"Debates about systemic risk should also now include government-sponsored enterprises, which are large and growing rapidly," he said in a 1999 speech.
Great, he made a speech wherein he recognized the dangers of systemic risk. But how did he approach such issues in his professional life? Well, that speech was in 1999. In 2004, while Larry was the President of Harvard University, he pushed the board there to invest heavily--using the cash account--in high-risk products, including the swaps and derivatives that helped sink Fannie Mae and Freddie Mac, a move that cost the University dearly:
As vanishing credit spurred the government-led rescue of dozens of financial institutions, Harvard was so strapped for cash that it asked Massachusetts for fast-track approval to borrow $2.5 billion. Almost $500 million was used within days to exit agreements known as interest-rate swaps that Harvard had entered to finance expansion in Allston, across the Charles River from its main campus in Cambridge, Massachusetts. 
The swaps, which assumed that interest rates would rise, proved so toxic that the 373-year-old institution agreed to pay banks a total of almost $1 billion to terminate them. Most of the wrong-way bets were made in 2004, when Lawrence Summers, now President Barack Obama’s economic adviser, led the university. Cranes were recently removed from the construction site of a $1 billion science center that was to be the expansion’s centerpiece, a reminder of Summers’s ambition. The school said last week they will suspend work on the building early next year.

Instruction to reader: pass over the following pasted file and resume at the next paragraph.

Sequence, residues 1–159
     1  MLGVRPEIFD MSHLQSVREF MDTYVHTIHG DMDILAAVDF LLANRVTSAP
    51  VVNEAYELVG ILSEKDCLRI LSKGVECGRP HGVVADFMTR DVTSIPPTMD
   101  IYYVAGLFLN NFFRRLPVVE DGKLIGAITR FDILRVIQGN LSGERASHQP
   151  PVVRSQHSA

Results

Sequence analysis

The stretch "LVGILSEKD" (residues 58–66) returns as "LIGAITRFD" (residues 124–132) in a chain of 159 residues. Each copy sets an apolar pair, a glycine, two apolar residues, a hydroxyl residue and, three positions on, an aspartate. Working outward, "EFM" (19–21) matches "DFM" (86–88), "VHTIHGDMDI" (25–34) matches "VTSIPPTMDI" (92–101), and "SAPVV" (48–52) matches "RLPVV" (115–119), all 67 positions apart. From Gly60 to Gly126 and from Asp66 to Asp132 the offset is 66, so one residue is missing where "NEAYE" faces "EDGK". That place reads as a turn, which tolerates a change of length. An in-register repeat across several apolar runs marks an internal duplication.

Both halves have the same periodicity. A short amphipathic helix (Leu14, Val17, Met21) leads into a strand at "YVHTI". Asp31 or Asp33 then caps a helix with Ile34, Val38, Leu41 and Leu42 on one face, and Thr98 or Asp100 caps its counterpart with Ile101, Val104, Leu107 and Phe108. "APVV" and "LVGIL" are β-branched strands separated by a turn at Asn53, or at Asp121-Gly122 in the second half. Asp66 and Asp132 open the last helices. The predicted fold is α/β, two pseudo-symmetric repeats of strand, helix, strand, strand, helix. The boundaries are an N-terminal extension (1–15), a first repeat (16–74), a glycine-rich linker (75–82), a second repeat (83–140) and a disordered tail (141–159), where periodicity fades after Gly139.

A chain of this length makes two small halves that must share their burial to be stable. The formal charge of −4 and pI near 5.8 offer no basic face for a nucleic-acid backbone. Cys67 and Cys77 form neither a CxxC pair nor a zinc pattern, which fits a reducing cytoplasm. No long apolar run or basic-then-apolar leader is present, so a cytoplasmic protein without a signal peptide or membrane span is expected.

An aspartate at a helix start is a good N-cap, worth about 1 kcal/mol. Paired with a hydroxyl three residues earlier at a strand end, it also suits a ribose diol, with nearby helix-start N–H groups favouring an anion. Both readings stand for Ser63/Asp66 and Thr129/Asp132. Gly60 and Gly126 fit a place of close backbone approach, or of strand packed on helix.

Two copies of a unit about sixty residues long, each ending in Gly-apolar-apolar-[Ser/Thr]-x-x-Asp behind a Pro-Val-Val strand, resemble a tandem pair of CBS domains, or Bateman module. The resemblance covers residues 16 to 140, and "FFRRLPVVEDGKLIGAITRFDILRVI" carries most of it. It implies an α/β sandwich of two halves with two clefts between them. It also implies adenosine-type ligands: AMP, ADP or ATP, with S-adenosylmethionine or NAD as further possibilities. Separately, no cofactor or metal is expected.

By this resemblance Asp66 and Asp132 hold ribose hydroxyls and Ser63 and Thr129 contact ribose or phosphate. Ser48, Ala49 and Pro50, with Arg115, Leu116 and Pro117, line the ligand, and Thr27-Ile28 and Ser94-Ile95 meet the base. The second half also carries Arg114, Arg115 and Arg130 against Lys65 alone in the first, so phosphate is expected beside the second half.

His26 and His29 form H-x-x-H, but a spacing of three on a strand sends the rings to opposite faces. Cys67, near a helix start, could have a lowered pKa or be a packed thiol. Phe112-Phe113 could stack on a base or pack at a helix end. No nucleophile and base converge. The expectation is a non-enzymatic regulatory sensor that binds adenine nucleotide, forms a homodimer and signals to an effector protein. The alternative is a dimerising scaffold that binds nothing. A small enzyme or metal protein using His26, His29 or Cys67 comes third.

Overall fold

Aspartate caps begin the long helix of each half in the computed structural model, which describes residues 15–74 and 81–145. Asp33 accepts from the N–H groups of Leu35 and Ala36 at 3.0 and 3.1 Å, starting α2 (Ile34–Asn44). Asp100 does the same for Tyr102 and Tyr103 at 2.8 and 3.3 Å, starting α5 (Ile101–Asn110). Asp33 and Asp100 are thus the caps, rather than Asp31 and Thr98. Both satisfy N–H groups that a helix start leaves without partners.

Of course, Harvard was hardly alone on this; lots of people and businesses took it on the chin. But the point is, Summers supposedly was "ahead of the curve" on the issue according to Rattner, yet when it came time to make a decision, he made the same kind of foolish, greed-inspired one that so many others did. Of course, he was long gone from Harvard when things went bad. By that point in time, he was busy helping to set up the Stimulus Bill, which of course failed miserably to do what people like Summers and Christine Romer said it would do.

There's a kind of pattern forming here, as I noted previously:
Summers takes over at Harvard, pushes for a course of action, then leaves before the foolhardiness of his recommendations become apparent. And then, Summers heads up the Obama Stimulus program, sees it forced down the nation's throat, then steps down before the abysmal consequences are fully realized. If one's goal is destroy a company, school, or nation via bankruptcy, it would seem that Summers is the man for the job.
Rattner would have us believe that despite this pattern, despite the realities of what Summers has done, he's still the man for the job, because apparently these missteps don't have much of an impact on Summers' "batting average." Right.

Incidentally, Rattner is quite forthcoming in the piece, insofar as he notes he is friends with Summers and has been so for a long time. You know who else Rattner counts as a friend? Jon Corzine. The man can sure pick 'em. Of course, Rattner has his own little bit of sordid history as the so-called "car czar" of the Administration, in charge of the GM bailout. Then, Rattner advised against an early selling of government-owned GM stock, a move that cost the taxpayers an additional two billion dollars--at least--and made the Administration look silly after it promised a "quick exit" from GM.

Rattner's praise of Summers is meaningless, both because it runs counter to the actual facts and because it is clear Rattner is just another member of the limousine liberal clique that walks the halls of Wall Street on one day and Capitol Hill on the next. In fact, Rattner's approval of Summers for the job of Fed Chairman is a pretty good reason--all by itself--to deny Summers the job.

Cheers, all.

No comments:

Post a Comment